• AMH says:

          It was said above, but I think it bears repeating. We are not (at least officially) in a socialist society. I have been working since the day I graduated college (which I paid for, and am still paying off). I am a 28 YO single woman, and I have saved up a net worth of about $200K in the 5 years since I graduated. This includes maxing out my 401K since the day I started working, so I don’t feel the loss that $17K a year is. I was not handed anything on a silver platter, or any kind of platter, and I think I am better for it. I live below my means, and pay my share of taxes when the time comes for that. Then there are friends of mine, who make half what I do, don’t have a penny in retirement, but feel that UGGS and Coach purses are necessities. These people have the a similar viewpoint as you do, but I would call their’s selfish, since they could afford to save.

          As for your situation, I think you are doing a great thing. My aunt has been working the system for years to avoid working and receive disability payments, even though she doens’t have any issues. With the laws currently in place, you shouldn’t know that companies don’t like employing you, especially if you are a hard worker, so I wouldn’t doubt that they are breaking non-discrimination laws, which could be very easy to prove. If that’s the case, raise the issue with a congressman (woman), especially one nearing re-election. Elections motivate a lot of people.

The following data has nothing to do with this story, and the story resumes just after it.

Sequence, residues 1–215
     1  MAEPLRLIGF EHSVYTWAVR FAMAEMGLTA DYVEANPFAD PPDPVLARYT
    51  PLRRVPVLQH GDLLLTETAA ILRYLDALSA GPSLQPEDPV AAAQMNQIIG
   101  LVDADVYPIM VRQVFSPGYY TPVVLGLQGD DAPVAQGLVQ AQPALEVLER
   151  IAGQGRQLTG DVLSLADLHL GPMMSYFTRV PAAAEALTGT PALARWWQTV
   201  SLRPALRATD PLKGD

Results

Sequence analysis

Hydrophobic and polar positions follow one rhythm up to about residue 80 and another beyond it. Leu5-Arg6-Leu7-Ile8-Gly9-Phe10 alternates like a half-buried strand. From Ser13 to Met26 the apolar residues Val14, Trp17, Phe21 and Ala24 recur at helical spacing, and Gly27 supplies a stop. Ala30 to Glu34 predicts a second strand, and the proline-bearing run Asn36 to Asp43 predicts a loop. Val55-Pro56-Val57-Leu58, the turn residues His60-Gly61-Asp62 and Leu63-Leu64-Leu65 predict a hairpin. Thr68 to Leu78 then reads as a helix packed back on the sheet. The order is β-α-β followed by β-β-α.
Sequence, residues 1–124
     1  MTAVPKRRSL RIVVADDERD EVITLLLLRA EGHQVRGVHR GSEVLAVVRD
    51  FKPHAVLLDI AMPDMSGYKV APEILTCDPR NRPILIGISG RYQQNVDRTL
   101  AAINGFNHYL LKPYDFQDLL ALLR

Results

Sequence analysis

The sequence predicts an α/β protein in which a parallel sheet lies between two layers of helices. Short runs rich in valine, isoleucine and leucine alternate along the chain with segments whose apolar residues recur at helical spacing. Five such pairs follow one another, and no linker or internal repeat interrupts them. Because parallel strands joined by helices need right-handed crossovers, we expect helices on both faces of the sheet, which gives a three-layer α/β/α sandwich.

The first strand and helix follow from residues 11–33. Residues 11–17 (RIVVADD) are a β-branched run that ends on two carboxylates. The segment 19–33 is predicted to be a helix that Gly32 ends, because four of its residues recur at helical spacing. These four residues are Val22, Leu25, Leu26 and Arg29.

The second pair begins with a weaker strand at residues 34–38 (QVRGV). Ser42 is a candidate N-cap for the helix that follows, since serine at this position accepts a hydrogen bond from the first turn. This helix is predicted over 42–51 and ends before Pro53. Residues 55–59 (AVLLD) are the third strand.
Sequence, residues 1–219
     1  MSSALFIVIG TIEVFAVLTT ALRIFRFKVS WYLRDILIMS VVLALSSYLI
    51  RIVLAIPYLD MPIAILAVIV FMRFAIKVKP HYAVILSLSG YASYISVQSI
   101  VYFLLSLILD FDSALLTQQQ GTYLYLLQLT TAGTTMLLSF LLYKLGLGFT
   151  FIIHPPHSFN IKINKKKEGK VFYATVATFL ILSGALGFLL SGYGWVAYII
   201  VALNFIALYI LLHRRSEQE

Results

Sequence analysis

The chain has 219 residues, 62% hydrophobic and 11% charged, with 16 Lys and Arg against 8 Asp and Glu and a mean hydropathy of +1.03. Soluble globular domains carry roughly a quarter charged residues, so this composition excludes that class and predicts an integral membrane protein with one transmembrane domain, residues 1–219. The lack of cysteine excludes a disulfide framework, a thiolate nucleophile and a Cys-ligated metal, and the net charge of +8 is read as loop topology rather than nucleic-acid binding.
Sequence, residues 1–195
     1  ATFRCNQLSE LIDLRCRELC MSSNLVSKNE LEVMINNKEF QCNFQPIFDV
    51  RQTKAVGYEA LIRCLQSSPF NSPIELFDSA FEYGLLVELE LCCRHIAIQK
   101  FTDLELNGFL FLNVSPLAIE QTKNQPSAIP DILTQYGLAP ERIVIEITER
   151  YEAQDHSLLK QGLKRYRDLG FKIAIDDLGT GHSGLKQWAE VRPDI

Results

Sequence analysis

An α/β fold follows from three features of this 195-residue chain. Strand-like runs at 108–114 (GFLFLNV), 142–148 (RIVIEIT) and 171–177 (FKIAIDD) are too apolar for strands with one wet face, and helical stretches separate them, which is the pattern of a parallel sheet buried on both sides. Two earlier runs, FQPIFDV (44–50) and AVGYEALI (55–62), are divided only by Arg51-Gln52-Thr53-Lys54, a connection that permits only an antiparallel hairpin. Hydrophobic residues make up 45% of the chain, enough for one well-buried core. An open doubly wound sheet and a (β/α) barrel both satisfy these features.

• Derrick says:

          That’s a very backward way of looking at it. Its also a belief rooted in 1 of envy. I live in Alabama & make slightly over $20k a yr & I defininitely wouldn’t consider it middle class. I do go to college because I ceetainly hope to not be in this situation forever. I don’t support tax breaks for the wealthy but I do believe in an overall flat rate. 18% for individuals & 15% for a family, regardless of income. That is being fair & equal to everyone. Many people don’t take into account that although it is the same percentage, its a completely different $ amount. 15% for me because I have a son would be around $3300, whereas if I made say 1mil/yr would be $150,000. Its a stark contrast & its the way things should be done. If we did it your way, no one would ever save anything over a certain amount to keep from paying more. I know this may b an odd idea in this new millenium, but let’s doing things honestly for a change, instead of trying to cheat people & lash out toward those more fortunate than we are, because for all you know, they used to be you.YYou have to play the hand you’re dealt. In other words, quit complaining, go out & work for what u get, rather than depend on getting it from someone else, because the world doesn’t owe you anything… you owe it to yourself and your family to work hard, honestly & spend everyday trying better yourself toward a better life